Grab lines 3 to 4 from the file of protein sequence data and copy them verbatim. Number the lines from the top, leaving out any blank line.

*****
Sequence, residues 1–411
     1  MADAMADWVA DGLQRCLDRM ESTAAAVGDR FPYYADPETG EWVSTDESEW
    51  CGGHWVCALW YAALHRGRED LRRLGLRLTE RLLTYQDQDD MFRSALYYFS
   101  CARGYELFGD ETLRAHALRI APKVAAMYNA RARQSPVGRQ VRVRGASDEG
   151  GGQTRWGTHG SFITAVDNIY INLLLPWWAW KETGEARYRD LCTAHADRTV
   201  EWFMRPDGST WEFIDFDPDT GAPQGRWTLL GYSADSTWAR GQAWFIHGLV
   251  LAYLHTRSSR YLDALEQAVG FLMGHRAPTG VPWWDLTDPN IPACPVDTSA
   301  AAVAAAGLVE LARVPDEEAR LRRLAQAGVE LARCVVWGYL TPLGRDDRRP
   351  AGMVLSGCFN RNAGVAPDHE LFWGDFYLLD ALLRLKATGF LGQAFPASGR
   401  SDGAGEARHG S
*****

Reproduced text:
    51  CGGHWVCALW YAALHRGRED LRRLGLRLTE RLLTYQDQDD MFRSALYYFS
   101  CARGYELFGD ETLRAHALRI APKVAAMYNA RARQSPVGRQ VRVRGASDEG